A simple way to develop you ear to instrument jazz skills!
One of the goals for any jazz musician is to be able to play what they hear instantly on their instrument!
As a beginner improvisor or jazz student this can be quite a challenging ask!
Hw can this skill be developed in a systematic way without getting too frustrated and wanting to launch your instrument out of the nearest window!
One way I found (and still practice) it to take a tune I already know REALLY well and simply try and play it on my instrument.
At first, the easier the better! Check out the video below. In this example I use 'twinkle twinkle little star'.
Start on the note the you find easiest to play and let your ear and fingers start to work together. As you know the tune really well, you'll instantly know if you've made a mistake!
Once you are confident in one key, then try in another! A good way to play through all the keys is to try in a cycle of 5ths. Check out the image below.
So, you could start in C major, then move to G, then D etc... until you are confident in all keys.
Remember that some jazz tunes (especially in the middle 8) can move to some challenging keys, so it is great practice right from the start to get used to playing in ALL keys!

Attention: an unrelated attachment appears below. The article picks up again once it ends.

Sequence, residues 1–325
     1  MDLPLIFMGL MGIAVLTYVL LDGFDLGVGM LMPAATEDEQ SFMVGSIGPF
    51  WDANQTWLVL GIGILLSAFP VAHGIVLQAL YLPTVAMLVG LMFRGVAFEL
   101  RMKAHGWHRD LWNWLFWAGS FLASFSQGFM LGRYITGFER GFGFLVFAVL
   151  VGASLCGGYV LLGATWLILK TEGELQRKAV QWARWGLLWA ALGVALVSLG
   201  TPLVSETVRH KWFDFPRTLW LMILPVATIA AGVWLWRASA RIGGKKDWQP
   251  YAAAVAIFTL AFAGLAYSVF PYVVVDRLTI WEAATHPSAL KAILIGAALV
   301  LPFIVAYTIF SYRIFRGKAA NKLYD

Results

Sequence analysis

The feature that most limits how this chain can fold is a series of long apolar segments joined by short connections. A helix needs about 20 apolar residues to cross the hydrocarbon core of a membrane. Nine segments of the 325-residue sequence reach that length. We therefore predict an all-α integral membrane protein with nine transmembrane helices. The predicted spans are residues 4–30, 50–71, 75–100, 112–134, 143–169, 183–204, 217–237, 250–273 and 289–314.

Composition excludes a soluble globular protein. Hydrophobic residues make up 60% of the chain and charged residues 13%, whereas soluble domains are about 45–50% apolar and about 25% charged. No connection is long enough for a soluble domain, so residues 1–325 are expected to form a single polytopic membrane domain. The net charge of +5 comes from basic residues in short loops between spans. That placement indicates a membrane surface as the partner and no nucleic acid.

Once you have mastered a nursery rhyme, you could then move on to a simple jazz tune. When the Saints go marching in would be a great starter as it only uses 5 notes and none of them are chromatic!
Once you start to build your confidence with this, you may want to either try a more challenging tune with some chromaticism (The shadow of your smile would be a challenge) or, start to try and copy phrases from your favourite players jazz solos!
The more you can practice singing phrases or tunes in your head and then playing them on your instrument (in ALL keys) the better equipped you will be to be a better improvisor.
Remember, the more you do this, the more you will improve. Many students know a lot of theory and as a result think they can apply their thoughts to solos, I'm afraid they are going to be very frustrated. True improvisation in every sense, using great vocabulary, playing with a great feel and time, listening to other members of the group all come from developing great listening skills!
This is a great exercises to develop great listening skills.
Even the great Bobby Shew recommends this type of practice!
What Bobby is talking about maybe for more advanced students, if you need something aimed more at beginner or intermediate students, check out my video on developing your listening skills.
Good luck with this exercise!
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